Returning officer Amy Chan rejected Lau’s bid to run in the New Territories East by-election on the grounds that he supported Hong Kong independence and would therefore fail to uphold the Basic Law.
The seat had been vacant due to the disqualification of independence advocate Sixtus Leung for failing to take his oath of office correctly.
In handing down his judgement on Friday, High Court judge Anderson Chow ruled that, similar to a legal challenge raised by Demosisto’s Agnes Chow over being barred in a Hong Kong Island by-election in 2018, the returning officer had failed to give Lau an opportunity to respond to the claims against him before making her decision.
The judge held that this failure amounted to a material irregularity in the by-election. As a result, he said, Fan had not been duly elected as a lawmaker.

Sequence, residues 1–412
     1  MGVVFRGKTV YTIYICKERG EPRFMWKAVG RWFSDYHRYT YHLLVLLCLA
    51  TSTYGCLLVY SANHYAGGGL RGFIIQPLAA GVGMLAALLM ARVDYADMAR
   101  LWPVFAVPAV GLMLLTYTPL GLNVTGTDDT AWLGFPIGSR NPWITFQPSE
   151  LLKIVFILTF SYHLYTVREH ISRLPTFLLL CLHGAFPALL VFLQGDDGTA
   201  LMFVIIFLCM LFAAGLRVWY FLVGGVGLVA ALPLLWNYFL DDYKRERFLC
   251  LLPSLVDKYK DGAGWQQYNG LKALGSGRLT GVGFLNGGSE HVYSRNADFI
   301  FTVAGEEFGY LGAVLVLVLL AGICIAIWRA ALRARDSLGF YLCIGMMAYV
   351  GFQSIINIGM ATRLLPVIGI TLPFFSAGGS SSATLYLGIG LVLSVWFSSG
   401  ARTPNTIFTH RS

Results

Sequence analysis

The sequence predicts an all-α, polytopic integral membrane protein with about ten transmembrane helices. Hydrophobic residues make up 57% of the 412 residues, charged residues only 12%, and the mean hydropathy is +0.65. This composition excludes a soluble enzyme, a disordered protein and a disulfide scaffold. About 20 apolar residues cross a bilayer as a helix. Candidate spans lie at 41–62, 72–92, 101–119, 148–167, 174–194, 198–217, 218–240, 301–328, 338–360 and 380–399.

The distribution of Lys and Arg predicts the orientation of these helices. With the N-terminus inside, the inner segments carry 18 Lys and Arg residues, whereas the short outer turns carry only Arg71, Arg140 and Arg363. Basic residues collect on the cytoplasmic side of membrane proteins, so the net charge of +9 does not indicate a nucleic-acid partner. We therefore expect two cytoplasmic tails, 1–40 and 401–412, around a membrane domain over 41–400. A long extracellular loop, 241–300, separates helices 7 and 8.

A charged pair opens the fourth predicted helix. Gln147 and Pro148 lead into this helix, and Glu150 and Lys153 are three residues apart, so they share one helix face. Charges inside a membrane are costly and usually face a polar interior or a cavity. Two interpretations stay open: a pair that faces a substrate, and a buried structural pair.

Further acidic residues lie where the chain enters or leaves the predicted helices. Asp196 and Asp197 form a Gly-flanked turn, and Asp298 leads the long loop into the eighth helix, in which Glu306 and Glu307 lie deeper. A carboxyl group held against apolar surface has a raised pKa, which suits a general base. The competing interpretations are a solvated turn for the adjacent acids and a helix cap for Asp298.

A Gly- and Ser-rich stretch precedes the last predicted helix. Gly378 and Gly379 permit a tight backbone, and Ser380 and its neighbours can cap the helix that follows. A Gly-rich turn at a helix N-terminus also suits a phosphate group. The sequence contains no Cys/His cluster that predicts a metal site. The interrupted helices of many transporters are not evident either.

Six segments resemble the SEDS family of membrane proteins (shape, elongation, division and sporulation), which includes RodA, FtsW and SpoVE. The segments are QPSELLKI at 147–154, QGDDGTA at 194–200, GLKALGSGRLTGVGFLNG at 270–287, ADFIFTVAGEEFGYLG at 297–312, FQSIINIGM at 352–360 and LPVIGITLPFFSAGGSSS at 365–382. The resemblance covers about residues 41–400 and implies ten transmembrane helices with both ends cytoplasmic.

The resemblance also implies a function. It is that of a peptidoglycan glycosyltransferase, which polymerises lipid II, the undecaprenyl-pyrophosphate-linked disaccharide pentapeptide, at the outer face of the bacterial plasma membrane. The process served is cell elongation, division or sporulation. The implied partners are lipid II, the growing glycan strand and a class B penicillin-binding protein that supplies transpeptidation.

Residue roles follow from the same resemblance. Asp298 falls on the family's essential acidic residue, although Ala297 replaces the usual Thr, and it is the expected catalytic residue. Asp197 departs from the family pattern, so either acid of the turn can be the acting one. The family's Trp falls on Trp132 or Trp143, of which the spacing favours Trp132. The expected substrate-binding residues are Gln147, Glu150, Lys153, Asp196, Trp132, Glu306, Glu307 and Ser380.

But the judge noted that the returning officer did have the right to look beyond a declaration form Lau had signed stating he would uphold the Basic Law and pledge allegiance to the SAR, and the court ruling did not touch on whether the election official had come to the right conclusion.
A few months before his nomination for the by-election was rejected, Lau had publicly renounced the idea of independence for Hong Kong, saying he had changed his mind on this after realising that most people didn’t support the idea.
Speaking after the ruling, Fan said he respects the decision, but he’s disappointed that the court has affirmed that returning officers have the power to bar people from standing in elections based on their political stance.
Fan said he would meet his legal team before deciding whether to appeal against the ruling and it was too early to say whether he would stand in any future by-election for the seat.
Agnes Chow won her election petition early last week. Judge Anderson Chow nullified the result of the poll for the seat held by Demosisto’s Nathan Law before his disqualification, also over oath-taking.
Following that challenge, the judge ruled that the pro-democracy camp’s Au Nok-hin had not been duly elected.